Nevertheless I did get some useful photos out the back and moreover I was able to fall back on my old Plan B for poor lighting conditions...video! So sit back, relax and enjoy my PRR Main Line Survey, 2008. It's the next best thing to my 2009 survey where the weather cooperated and I got a picture of every signal between MP 2 and MP 342 XD.
Blah blah blah, the full set of photos can be found here.
Now on with the show.
As my trip started with a light drizzle all the way to Lancaster I will start the writeup with a video as still pictures just were not working out. Here is Amtrak's THORN interlocking (with active THORN tower) on #4 track westbound at 90mph. You will note that on the east end of THORN the old #3 track has been completely removed, on the west end the old #2 track has been completely removed and all of the old Thorndale yard tracks have also been removed exvpt for #5 Running. Also note all of the signals facing stubbed out tracks. This video runs from THORN interlocking past the old Thorndale yard and helper base to CALN interlocking (remote THORN).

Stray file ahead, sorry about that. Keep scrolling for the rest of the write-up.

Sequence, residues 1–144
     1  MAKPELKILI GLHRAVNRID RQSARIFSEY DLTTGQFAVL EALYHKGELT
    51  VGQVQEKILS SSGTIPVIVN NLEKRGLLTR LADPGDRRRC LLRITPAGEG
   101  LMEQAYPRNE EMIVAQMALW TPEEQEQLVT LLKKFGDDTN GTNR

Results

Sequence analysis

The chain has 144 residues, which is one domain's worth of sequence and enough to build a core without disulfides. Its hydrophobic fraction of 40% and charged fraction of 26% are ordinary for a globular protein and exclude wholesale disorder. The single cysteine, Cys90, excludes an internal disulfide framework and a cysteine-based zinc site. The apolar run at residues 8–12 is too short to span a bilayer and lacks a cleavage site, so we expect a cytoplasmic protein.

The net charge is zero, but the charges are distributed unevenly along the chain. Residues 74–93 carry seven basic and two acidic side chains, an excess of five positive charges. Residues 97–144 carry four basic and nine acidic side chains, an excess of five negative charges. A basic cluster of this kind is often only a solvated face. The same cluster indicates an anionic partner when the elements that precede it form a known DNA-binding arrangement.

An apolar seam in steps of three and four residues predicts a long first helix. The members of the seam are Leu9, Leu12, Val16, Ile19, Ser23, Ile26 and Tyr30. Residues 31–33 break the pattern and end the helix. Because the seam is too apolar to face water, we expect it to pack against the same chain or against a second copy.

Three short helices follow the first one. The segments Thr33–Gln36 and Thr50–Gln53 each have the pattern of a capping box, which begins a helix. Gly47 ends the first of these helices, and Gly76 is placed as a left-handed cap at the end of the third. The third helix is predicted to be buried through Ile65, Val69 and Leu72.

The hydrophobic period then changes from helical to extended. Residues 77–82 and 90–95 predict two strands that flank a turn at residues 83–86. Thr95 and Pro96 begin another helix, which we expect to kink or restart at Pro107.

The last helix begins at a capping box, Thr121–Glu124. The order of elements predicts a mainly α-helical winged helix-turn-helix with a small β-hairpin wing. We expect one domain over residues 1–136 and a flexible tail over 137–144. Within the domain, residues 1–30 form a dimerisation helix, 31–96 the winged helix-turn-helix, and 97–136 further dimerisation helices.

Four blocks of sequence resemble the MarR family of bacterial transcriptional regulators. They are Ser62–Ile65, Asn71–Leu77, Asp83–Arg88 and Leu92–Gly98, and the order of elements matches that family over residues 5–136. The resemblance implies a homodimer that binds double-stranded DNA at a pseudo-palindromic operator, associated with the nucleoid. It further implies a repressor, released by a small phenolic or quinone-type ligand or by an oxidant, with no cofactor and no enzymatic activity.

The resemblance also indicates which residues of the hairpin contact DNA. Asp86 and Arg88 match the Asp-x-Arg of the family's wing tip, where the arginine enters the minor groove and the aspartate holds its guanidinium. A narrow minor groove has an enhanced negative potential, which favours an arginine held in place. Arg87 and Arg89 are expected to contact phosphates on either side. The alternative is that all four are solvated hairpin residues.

Next we have a video of PARK interlocking from the point where the old #2 track has been connected to #1 track by means of a hand operated switch. This is used for freight trains accessing the Green Giant food plant a little ways up the old A&S branch, which was a low grade freight line to Enola Yard. PARK was a major junction between the Main Line and the A&S low grad line until most of the freight left the PRR system in the early 80's. Tower PARK tower is still active, but only open as needed for track work. Most of the time it is set to automatic operation. PARK and its crazy quilt of unnecessary crossovers is planned for closure as more of the Harrisburg Line is rebuilt.
Here is the to-be-completed ATGLEN interlocking that will serve as the replacement for PARK. None of the interlocking equipment has yet been installed, but the switches were put in place when the line was upgraded to concrete ties. this is located right before the old A&S right of way splits from the main line.
Here is the famed Temporary Block Station LEAMAN at Leaman Place. The hand operated switches were replaced when the concrete ties were installed, but the TBS still uses a small interlocking panel inside the red shack to control the main line signals and unlock the switches. LEAMAN is only open as needed for trackwork and is the last TBS in service on the Harrisburg Line. I paid a ground visit to LEAMAN in 2007.